The Information Gap: learning to work together in the Corbynite movement


We’ve been sent this piece by a fellow Labour Party activist in the North East. She didn’t want to be identified, which is pretty much a sad indictment of where we’re at in the party at this point:

“When Jeremy won the leadership election last year, Constituency Labour Parties (CLPs) up and down the country were filled with new or returning members. Members identified as:

  • Never been involved in politics before, ever;
  • Coming back into the LP, having left in the 1990s, by choice or via a purge of sorts;
  • Coming back into political activity, having been an inactive member for many, many years;
  • Coming back into political activity, having been involved but unconvinced for many a long, long year.

We all arrived with a wide range of experiences and memories of the Labour Party and were in different places on a continuum of expectations and enthusiasm.

Some of us came to the movement, invigorated by Corbyn’s socialism, coupled with his insistence on an inclusive ‘big tent’ philosophy. This was naively interpreted by some as a new politics, where the right of the Labour Party, accepting the legitimate mandate, would knuckle down and get behind the Party.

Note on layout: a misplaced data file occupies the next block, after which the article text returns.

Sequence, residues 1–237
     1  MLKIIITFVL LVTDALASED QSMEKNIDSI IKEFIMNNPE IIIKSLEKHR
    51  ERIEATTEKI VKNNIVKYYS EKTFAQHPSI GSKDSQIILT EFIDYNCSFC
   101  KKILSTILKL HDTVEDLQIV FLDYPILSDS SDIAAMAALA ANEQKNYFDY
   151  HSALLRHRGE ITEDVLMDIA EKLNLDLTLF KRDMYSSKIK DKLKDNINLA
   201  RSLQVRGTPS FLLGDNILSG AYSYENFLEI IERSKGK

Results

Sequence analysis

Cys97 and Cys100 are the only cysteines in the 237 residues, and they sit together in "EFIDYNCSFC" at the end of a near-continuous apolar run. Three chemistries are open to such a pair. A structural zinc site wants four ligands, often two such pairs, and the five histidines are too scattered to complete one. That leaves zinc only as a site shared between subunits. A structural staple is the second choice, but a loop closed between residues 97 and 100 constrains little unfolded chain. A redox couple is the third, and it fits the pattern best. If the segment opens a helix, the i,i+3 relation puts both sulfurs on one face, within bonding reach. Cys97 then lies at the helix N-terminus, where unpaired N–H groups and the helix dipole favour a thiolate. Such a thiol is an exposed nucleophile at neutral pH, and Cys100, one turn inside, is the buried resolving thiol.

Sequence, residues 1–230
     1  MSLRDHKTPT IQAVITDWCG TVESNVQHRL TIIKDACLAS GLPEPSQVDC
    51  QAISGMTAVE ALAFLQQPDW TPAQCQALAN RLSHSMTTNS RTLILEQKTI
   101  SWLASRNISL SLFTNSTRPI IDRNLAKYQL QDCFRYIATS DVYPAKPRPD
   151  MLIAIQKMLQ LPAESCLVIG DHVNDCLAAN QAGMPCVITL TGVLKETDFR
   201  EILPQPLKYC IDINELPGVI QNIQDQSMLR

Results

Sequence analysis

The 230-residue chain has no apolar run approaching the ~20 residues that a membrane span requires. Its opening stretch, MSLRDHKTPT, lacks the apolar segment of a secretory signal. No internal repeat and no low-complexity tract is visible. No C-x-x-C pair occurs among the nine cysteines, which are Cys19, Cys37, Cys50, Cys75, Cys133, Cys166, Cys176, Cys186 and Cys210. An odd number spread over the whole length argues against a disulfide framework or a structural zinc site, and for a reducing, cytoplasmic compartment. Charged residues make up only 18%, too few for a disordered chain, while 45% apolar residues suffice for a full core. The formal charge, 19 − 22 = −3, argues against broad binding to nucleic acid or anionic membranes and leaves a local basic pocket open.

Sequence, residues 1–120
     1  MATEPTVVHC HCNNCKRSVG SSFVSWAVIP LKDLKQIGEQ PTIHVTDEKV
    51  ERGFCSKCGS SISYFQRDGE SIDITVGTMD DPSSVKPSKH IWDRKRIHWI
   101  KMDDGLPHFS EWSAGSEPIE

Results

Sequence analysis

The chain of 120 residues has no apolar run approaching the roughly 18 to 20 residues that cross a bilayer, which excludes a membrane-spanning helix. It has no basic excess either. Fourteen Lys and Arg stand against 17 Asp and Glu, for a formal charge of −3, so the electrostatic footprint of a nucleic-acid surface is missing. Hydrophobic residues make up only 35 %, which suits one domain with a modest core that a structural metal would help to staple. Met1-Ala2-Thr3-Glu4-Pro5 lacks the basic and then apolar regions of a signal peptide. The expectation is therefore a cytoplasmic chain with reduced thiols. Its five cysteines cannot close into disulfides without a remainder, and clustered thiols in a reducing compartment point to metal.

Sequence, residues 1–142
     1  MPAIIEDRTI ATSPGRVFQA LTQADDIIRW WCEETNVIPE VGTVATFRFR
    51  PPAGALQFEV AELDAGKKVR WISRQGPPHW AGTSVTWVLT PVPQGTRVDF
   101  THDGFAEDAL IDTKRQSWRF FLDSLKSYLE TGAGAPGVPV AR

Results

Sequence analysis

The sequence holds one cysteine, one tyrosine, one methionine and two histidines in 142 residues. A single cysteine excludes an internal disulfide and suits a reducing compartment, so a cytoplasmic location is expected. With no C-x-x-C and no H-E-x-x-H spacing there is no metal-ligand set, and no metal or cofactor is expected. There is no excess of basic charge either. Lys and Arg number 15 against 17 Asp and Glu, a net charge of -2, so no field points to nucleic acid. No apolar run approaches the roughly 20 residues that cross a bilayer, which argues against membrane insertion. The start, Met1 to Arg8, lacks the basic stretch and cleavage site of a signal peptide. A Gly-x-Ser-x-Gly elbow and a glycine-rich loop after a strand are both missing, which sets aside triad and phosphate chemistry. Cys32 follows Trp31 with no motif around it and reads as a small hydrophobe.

Others came with tempered hope, tempered with the experience of years in a political wilderness, brought about by experience of 1980s-late 1990s, where they witnessed purges and democracy overruled by an NEC, who imposed their selections on local CLPs and the growth of ‘the PM makes all the decisions now’.

Others were somewhere on the continuum between the extremes of enthusiastic newbies and cynically hopeful, more experienced members.

Ironically, this continuum caused friction amongst this new Corbyn Left. Some were all for including the Blairites in this new change of direction, believing that they would happily come along for the ride.

The returners? They remembered some of those same Blairites, in the CLPs, standing by, allowing purges and attacks on the Left 20-25 years ago and didn’t want to wait for the same to happen again. They were impatient to get on with the job. They were impatient to ensure that they protected this emerging movement from those who wished it harm. Those Lefties, who were immediately ‘on the defensive’, were regarded with some disdain by the optimistic new arrivals to the Labour Movement.